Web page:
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Smoking Poems

To My Cigar.
The warmth of thy glow, Well-lighted cigar, Makes h...

A Loss.
How hard a thing it is to part From those we love an...

My Pipe And I.
There may be comrades in this world, As stanch and t...

To A Pipe Of Tobacco.
Come, lovely tube, by friendship blest, Belov'd and ...

Cannon Song.
Come, seniors, come, and fill your pipes, Your richest...

The Latest Convert.
I've been in love some scores of times, With Amy, Ne...

Sweet Smoking Pipe.
Sweet smoking pipe; bright glowing stove, Companion ...

A Song Without A Name.
AIR: "_THE VICAR OF BRAY_." 'Twas in Queen Bess's gold...

The Pipe Critic.
Say, pipe, let's talk of love; Canst aid me?...

Old Pipe Of Mine.
Companion of my lonely hours, Full many a time 'twix...

The Scent Of A Good Cigar.
What is it comes through the deepening dusk,-- Somethi...

Smoking Away.
Floating away like the fountains' spray, Or the snow...

The Lost Lotus.
'Tis said that in the sun-embroidered East, There dw...

Latakia.
I. When all the panes are hung with frost, Wild wiz...

My Cigarette.
My cigarette! The amulet That charms afar unrest and...

A Good Cigar.
Oh, 'tis well and enough, A whiff or a puff From th...

To My Cigar.
Yes, social friend, I love thee well, In learned doc...

To The Rev. Mr. Newton.
Says the Pipe to the Snuff-box, "I can't understand ...

The Last Pipe.
When head is sick and brain doth swim, And heavy hangs...

Ad Nicotina.
"_A CONSTRAINED HYPERBOLE._" Let others sing the prais...



AN ODE OF THANKS FOR CERTAIN CIGARS.








_TO CHARLES ELIOT NORTON._


Luck, my dear Norton, still makes shifts,
To mix a mortal with her gifts,
Which he may find who duly sifts.

Sweets to the sweet,--behold the clue!
Why not, then, new things to the gnu,
And trews to Highland clansmen true?

'Twas thus your kindly thought decreed
These weeds to one who is indeed,
And feels himself, a very weed,--

A weed from which, when bruised and shent,
Though some faint perfume may be rent,
Yet oftener much without a cent.

But imp, O Muse, a stronger wing
Mount, leaving self below, and sing
What thoughts these Cuban exiles bring!

He that knows aught of mythic lore
Knows how god Bacchus wandered o'er
The earth, and what strange names he bore.

The Bishop of Avranches supposes
That all these large and varying doses
Of fable mean naught else than Moses;

But waiving doubts, we surely know
He taught mankind to plough and sow,
And from the Tigris to the Po

Planted the vine; but of his visit
To this our hemisphere, why is it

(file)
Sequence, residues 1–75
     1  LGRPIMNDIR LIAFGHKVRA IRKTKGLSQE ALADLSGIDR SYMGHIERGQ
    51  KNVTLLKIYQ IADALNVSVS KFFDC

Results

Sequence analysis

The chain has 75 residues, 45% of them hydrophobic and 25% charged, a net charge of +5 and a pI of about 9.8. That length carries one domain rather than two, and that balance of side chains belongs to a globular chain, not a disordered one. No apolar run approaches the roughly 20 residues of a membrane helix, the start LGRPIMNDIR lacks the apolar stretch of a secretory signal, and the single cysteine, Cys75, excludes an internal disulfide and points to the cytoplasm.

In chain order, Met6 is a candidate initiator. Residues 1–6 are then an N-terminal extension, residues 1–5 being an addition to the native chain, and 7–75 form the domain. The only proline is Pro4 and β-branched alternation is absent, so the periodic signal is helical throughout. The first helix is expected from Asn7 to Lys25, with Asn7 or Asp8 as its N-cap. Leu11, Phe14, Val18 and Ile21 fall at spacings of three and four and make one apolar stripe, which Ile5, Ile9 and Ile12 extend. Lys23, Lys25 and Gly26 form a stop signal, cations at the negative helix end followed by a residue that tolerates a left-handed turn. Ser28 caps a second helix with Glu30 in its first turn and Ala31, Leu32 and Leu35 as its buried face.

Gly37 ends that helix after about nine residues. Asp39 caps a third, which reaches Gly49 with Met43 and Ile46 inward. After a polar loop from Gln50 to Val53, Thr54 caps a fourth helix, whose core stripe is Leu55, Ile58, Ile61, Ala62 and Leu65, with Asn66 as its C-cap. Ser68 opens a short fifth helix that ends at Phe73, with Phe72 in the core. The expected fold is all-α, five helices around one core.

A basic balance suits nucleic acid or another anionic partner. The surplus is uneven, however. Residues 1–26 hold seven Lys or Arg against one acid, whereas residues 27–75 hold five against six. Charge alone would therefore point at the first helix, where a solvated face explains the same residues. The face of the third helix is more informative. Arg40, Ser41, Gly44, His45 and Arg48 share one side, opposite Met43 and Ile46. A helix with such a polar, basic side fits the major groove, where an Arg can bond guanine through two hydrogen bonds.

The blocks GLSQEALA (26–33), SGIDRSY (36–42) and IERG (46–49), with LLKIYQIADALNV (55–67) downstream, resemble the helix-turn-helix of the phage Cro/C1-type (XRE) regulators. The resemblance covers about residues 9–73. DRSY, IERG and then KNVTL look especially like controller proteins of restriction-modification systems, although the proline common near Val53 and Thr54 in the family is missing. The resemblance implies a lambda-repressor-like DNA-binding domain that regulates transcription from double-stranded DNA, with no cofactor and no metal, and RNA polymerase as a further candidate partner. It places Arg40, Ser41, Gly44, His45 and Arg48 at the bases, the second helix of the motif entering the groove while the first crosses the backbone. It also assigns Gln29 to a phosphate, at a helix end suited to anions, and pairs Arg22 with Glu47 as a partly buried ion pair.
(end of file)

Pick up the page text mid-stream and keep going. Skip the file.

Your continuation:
We have no statement more explicit?

He gave to us a leaf divine
More grateful to the serious Nine
Than fierce inspirings of the vine.

And that _he_ loved it more, this proved,--
He gave his name to what he loved,
Distorted now, but not removed.

Tobacco, sacred herb, though lowly,
Baffles old Time, the tyrant, wholly,
And makes him turn his hour-glass slowly;

Nay, makes as 'twere of every glass six,
Whereby we beat the heathen classics
With their weak Chians and their Massics.

These gave his glass a quicker twist,
And flew the hours like driving mist,
While Horace drank and Lesbia kissed.

How are we gainers when all's done,
If Life's swift clepsydra have run
With wine for water? 'Tis all one.

But this rare plant delays the stream
(At least if things are what they seem)
Through long eternities of dream.

What notes the antique Muse had known
Had she, instead of oat-straws, blown
Our wiser pipes of clay or stone!

Rash song, forbear! Thou canst not hope,
Untutored as thou art, to cope
With themes of such an epic scope.

Enough if thou give thanks to him
Who sent these leaves (forgive the whim)
Plucked from the dream-tree's sunniest limb.

My gratitude feels no eclipse,
For I, whate'er my other slips,
Shall have his kindness on my lips.

The prayers of Christian, Turk, and Jew
Have one sound up there in the blue,
And one smell all their incense, too.

Perhaps that smoke with incense ranks
Which curls from 'mid life's jars and clanks,
Graceful with happiness and thanks.

I pledge him, therefore, in a puff,--
rather frailish kind of stuff,
But still professional enough.

Hock-cups breed hiccups; let us feel
The god along our senses steel
More nobly and without his reel.

Each temperately 'baccy _plenus_,
May no grim fate of doubtful genus
E'er blow the smallest cloud between us.

And as his gift I shall devote
To fire, and o'er their ashes gloat,--
Let him do likewise with this note.

JAMES RUSSELL LOWELL.


Harper & Brothers.]





Next: AN ENCOMIUM ON TOBACCO.

Previous: VIRGINIA TOBACCO.



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